In the group of patients with LCNEC, we could demonstrate that one tumor recurrence occurred in the form of a distant metastasis exclusively, whereas in the group of patients with an LCCNM there was a regular occurrence of intrapulmonary metastasis. This observation is not to be found in any of the clinical series published to date; it is possible that neuroendocrine markers have an influence on the metastatic process as well as the site of metastasis. Due to the small number of patients involved, this trend is not subject to any statistical analysis.

With respect to its severity, LCCNM and LCNEC are classified as being between the atypical carcinoid and the small-cell carcinoma, whereby some authors ascribe these types of tumors a greater similarity to the small-cell carcinoma. There are features in common regarding the high incidence of mitosis and necrosis as well as several phenotypic characteristics; small-cell carcinomas can also express a similar spectrum of endocrine markers. Until present, LCNEC were treated in a similar way to NSCLC, incorporating adjuvant chemotherapy in a fixed treatment regimen, however, remaining up until now not being taken into account. In light of the small number of cases in the reported series to date, the advantage of such a form of chemotherapy must be evaluated as still being uncertain. Whereas in a clinical study in patients with non-small cell bronchial carcinoma and neuroendocrine differentiation, an improved survival time as a result of adjuvant chemotherapy was not reported [2], Iyoda was able to demonstrate an improvement of survival time of about 20% in stage I with adjuvant chemotherapy [20]. Until now there have been no studies on this providing a randomized comparison of the group undergoing surgery with and without adjuvant chemotherapy.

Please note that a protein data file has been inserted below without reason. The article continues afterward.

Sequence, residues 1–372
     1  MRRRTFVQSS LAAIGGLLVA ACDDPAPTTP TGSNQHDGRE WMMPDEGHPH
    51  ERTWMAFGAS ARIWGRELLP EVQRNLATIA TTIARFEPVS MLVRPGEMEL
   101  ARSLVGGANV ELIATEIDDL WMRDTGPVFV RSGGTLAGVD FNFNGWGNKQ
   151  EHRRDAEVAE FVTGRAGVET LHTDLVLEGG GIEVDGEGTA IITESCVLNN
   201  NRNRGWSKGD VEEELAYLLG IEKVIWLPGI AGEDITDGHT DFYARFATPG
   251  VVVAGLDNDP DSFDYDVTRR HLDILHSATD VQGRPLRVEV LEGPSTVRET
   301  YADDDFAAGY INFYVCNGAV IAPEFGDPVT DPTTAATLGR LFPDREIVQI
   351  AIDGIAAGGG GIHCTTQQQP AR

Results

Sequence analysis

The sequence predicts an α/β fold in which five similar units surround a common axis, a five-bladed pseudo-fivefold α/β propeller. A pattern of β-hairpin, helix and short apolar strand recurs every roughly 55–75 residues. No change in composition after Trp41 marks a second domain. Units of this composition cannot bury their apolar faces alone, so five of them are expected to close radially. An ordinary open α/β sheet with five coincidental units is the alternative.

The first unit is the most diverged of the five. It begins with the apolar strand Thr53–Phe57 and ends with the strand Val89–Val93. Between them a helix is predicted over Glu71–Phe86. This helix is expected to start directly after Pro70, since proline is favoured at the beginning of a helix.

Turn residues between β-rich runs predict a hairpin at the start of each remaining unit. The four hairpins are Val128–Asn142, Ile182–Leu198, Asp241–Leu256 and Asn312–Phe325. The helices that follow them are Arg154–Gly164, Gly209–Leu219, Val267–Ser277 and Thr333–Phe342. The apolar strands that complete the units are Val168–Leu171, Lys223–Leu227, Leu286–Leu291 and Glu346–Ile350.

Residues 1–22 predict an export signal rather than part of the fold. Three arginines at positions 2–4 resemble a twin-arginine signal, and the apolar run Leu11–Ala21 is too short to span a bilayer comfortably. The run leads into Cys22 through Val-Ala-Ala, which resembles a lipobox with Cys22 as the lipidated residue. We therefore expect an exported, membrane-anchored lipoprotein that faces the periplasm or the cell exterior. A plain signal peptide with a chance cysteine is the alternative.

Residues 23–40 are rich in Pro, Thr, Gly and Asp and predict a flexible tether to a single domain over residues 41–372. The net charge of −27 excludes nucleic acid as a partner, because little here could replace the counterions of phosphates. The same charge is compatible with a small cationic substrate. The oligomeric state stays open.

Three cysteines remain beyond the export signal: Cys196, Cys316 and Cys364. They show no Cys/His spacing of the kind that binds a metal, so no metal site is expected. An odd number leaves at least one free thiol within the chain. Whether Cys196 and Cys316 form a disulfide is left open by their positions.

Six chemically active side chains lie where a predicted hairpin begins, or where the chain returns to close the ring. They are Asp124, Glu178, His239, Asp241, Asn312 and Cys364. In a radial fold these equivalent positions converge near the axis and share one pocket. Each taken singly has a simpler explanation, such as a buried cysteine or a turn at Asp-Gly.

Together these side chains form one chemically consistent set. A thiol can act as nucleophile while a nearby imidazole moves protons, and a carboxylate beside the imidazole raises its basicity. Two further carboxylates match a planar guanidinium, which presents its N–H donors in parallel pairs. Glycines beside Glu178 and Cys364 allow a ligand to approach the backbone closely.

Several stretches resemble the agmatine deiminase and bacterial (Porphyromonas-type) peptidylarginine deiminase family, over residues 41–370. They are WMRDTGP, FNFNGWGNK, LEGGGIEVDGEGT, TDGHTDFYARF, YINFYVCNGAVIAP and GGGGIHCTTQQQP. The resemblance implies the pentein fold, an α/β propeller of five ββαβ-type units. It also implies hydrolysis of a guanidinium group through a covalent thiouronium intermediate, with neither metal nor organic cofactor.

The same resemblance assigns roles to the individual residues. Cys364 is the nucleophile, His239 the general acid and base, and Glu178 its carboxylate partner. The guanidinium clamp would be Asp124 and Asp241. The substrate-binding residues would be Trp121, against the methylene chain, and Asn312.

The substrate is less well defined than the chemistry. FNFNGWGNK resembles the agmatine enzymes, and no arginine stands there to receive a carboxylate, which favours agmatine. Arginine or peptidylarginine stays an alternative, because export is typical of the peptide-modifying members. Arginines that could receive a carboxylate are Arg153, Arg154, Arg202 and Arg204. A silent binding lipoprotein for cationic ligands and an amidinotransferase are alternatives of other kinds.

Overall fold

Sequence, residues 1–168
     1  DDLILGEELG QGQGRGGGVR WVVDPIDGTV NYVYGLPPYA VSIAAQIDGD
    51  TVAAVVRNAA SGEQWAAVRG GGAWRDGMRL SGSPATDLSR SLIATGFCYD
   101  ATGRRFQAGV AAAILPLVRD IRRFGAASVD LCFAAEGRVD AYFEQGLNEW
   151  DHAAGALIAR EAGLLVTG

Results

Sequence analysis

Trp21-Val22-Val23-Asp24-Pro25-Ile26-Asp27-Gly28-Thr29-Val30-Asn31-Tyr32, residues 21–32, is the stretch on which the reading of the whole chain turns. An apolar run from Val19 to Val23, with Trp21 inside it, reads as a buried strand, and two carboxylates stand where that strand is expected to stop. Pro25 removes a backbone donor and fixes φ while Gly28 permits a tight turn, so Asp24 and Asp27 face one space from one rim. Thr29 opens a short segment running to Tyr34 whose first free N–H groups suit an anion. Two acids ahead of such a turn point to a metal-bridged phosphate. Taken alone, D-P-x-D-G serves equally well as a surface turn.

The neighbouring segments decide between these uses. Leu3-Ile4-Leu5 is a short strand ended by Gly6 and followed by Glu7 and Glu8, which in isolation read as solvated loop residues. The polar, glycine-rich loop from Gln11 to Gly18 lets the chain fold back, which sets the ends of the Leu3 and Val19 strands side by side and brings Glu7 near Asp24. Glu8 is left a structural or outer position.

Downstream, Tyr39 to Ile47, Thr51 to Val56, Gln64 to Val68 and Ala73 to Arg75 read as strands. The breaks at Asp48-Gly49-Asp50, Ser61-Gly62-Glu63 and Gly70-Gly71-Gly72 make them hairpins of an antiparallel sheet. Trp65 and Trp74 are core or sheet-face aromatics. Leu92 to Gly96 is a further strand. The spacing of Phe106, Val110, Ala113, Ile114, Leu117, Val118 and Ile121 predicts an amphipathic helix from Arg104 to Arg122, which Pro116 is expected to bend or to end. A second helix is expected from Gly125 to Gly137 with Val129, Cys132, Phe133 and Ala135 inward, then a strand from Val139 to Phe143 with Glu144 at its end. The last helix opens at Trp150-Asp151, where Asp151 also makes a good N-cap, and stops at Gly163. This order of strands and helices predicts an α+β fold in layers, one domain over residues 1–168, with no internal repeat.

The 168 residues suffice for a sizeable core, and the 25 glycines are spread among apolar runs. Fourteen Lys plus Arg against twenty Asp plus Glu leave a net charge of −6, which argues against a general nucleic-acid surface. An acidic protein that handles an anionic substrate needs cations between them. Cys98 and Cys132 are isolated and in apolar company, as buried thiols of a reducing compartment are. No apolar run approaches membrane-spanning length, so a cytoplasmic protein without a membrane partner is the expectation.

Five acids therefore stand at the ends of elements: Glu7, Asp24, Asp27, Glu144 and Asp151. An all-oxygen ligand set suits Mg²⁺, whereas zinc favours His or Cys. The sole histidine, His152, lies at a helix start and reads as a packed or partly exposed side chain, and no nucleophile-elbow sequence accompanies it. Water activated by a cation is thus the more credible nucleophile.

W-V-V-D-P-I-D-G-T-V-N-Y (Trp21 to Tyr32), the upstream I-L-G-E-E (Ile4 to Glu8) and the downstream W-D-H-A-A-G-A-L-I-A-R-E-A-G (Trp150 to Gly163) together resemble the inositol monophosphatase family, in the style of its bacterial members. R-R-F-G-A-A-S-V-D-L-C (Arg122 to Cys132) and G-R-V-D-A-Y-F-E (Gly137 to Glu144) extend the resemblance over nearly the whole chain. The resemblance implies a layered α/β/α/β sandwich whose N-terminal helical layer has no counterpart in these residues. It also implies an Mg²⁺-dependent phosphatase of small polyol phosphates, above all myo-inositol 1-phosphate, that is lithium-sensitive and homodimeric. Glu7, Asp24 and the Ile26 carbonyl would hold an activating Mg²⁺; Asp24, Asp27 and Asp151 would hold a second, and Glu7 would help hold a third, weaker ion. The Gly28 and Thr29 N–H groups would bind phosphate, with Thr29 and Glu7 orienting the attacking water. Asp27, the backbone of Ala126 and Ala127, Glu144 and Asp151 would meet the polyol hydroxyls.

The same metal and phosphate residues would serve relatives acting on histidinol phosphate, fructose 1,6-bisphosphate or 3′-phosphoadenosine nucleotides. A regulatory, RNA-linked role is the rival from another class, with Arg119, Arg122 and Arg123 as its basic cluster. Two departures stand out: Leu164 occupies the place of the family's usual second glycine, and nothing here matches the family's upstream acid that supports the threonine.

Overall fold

Another adjuvant therapeutic approach already described before was taken up again by Caretta in a study on 44 neuroendocrine carcinomas, in which he points out the importance of the octreotide scan [21]. Filosso was able to demonstrate a significant increase in survival time with adjuvant octreotide therapy in 55% of scintigraphically positive patients [22].


The tumor groups LCCNM and LCNEC show aggressive behavior with a poor prognosis. In spite of the small number of our series, we observe tendencies: tumors expressing neuroendocrine markers have a considerably shorter recurrence-free survival time in comparison to the group of patients showing neuroendocrine morphology only. Another remarkable feature is the way of relapse. Tumor recurrence in the LCNEC group occurred exclusively in the form of distant metastases and in the group of patients with LCCNM, on the other hand, in the form of an intrapulmonary metastasis.

Competing interests

There is no personal, political or financial competing interest in the material, information or techniques described in the paper.

Authors' contributions

GK was involved with the histomorphological analysis of the specimens and in writing the study. BP and SE critically reviewed the paper and were involved in the preparation of the final manuscript. WJ prepared the manuscript.

All authors have read and approved the final version of the manuscript